The present-day premium is high for a handful of autonomous vehicles because of insufficient data with underwriters and actuaries. However, chances are, major OEMs will cover the insurance premiums in the vehicle cost. 

For instance, Tesla, one of the pioneers of autonomous vehicles, provides auto insurance at 30% lower rates than other insurance providers. Tesla having a better understanding of its vehicles’ technology and repair costs, believes can provide low-cost insurance. This is also a threat to insurance carrier fees.

Scope for New Autonomous Vehicle Insurance Products

Accenture estimates that autonomous vehicles will generate at least $81 billion in new insurance revenues in the US between 2020 and 2025. It also foresees opportunities for insurers in cybersecurity, product, and infrastructure landscapes. Let’s take a look at new auto insurance avenues. 

Cyber Security

While AVs ensure safety, there are unidentified cybersecurity threats. Vehicles fueled by IoT technology deal with comprehensive telematics data. Capturing every moment of the user proposes risks like identity theft, privacy invasion, misuse of personal information, and attacks from ransomware. According to the Center for Strategic and International Studies and McAfee, globally cybercrimes cost around $600 billion annually. The shared data from autonomous vehicles bring the financial sector at risk.

On the other hand, monitoring the performance of vehicles and the driver’s behavior behind the wheel can reduce claim investigation turn around time. 

Therefore, future insurance products will also focus on moral and financial threats to passengers.

Product Liability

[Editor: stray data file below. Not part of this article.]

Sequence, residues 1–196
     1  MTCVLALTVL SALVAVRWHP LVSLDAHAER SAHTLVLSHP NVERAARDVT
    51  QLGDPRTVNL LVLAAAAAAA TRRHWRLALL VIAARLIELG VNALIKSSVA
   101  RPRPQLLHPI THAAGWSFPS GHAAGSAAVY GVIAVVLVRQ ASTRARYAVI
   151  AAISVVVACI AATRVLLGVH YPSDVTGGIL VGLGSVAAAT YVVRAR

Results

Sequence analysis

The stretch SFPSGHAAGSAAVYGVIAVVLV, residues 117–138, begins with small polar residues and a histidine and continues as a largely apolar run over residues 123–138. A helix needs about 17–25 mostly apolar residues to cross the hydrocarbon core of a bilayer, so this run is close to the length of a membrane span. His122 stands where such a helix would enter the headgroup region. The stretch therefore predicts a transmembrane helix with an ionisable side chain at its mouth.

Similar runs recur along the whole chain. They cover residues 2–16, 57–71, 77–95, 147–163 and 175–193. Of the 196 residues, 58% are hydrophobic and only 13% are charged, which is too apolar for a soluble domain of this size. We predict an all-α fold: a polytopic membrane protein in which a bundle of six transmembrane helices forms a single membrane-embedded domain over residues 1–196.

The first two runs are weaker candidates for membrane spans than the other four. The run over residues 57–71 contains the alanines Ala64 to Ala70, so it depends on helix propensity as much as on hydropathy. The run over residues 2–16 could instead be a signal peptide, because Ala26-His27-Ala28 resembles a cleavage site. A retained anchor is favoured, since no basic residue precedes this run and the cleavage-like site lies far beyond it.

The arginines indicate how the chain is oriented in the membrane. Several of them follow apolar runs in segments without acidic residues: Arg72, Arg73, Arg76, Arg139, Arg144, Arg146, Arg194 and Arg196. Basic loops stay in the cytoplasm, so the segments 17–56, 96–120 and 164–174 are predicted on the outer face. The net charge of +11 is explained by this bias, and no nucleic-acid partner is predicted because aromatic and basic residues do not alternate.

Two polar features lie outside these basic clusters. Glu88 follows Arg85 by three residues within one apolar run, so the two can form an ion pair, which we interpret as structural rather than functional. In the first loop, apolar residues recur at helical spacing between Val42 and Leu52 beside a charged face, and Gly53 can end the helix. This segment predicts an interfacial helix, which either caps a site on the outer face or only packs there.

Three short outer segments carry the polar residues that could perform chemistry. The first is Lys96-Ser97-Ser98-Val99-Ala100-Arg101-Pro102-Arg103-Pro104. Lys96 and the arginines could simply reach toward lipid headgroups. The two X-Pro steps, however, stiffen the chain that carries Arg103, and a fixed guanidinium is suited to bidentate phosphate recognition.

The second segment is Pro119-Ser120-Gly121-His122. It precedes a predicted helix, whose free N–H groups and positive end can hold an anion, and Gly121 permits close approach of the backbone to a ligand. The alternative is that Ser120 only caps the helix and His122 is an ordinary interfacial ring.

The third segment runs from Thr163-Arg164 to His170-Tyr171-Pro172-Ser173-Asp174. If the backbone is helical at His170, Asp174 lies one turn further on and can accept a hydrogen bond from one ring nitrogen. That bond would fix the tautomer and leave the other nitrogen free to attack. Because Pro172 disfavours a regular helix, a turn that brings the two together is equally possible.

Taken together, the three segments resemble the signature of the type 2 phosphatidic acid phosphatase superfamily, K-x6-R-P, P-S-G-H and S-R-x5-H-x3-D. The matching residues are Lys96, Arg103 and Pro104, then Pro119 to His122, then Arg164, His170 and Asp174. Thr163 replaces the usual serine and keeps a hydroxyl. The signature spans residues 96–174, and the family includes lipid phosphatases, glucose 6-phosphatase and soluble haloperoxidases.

The product liability insurance might shift from automotive to sensors and algorithms behind the autonomous vehicle. The OEMs will be also liable for communication or Internet connection failure along with machinery and software failures.

Insurance Against Existing Infrastructure

It will take more than 30 years for autonomous vehicles to completely dominate transportation. The upcoming insurance products will take existing infrastructure into account. For example, AVs need insurance if it damages due to puddles or potholes on the road.

Also, car ownership tends to decline with rental and pay-as-you-use models. This opens a fleet-level opportunity for insurers for driverless cars.

Source: Accenture X Stevens Institute of Technology “Insuring Autonomous Vehicles” report

Insurers need to adapt to the rapid technological advancements. Cloud-based insurance workflow platforms or IaaS (Insurance as a Service) models help in achieving operational gains in the entire insurance value chain. 

Concluding Remarks

AVs are going to dominate the world’s highway because of improved safety and convenience. Companies can leverage this opportunity to introduce innovative autonomous vehicle insurance products. 

Growing IoT is blurring the fine-line between different verticals of insurance. To stay competitive, insurers should also indulge in creating new distribution channels and partnerships with OEMs and technology service providers.